To construct and decorate the mosque, Walid employed the best craftsmen from Constantinople (now Istanbul) and from the Umayyad Empire. The design included a large open courtyard, a covered area on the side closest to the qibla (the direction of Mecca), and walls covered with elaborate mosaics. The mosque was one of the spectacular results of the building program of the Umayyads, who made Damascus the capital of their empire. The Umayyad mosque is one of the most monumental artistic structures in modern Syria.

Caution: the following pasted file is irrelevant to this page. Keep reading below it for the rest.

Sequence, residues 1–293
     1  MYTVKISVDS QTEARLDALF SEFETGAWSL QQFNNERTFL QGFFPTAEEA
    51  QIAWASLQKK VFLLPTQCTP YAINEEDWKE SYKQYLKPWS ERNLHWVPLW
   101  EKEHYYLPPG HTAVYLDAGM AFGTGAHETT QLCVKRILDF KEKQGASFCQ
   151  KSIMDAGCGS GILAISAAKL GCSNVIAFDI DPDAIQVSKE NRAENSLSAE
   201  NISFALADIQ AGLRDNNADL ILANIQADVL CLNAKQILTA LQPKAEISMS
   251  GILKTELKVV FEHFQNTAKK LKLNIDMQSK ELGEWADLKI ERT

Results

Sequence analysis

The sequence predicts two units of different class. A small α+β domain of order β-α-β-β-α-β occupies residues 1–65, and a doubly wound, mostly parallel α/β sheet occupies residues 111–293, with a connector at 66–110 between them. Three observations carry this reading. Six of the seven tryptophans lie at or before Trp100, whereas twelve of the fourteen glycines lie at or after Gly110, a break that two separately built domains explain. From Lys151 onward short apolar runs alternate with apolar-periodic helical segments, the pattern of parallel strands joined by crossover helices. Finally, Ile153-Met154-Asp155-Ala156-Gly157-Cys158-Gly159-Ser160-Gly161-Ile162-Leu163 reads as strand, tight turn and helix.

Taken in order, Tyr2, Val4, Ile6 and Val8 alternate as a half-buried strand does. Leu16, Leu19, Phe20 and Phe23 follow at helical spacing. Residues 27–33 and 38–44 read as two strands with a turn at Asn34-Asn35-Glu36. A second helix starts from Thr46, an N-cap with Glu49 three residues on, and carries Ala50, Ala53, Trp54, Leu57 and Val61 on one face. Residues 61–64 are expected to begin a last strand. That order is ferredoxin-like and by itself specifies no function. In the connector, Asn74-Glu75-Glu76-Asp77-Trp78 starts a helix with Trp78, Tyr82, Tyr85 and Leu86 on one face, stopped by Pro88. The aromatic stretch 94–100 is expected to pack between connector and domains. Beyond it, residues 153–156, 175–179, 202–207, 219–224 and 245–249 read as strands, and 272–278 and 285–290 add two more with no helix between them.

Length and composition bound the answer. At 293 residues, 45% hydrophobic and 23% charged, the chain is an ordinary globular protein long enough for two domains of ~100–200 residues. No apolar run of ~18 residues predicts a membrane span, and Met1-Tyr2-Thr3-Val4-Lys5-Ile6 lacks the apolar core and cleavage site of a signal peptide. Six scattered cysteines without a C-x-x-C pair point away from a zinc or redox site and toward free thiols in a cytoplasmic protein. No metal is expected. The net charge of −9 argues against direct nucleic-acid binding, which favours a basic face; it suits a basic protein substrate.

"Umayyad Mosque." Encyclopedia of the Modern Middle East and North Africa. . Encyclopedia.com. (September 22, 2018). http://www.encyclopedia.com/humanities/encyclopedias-almanacs-transcripts-and-maps/umayyad-mosque
"Umayyad Mosque." Encyclopedia of the Modern Middle East and North Africa. . Retrieved September 22, 2018 from Encyclopedia.com: http://www.encyclopedia.com/humanities/encyclopedias-almanacs-transcripts-and-maps/umayyad-mosque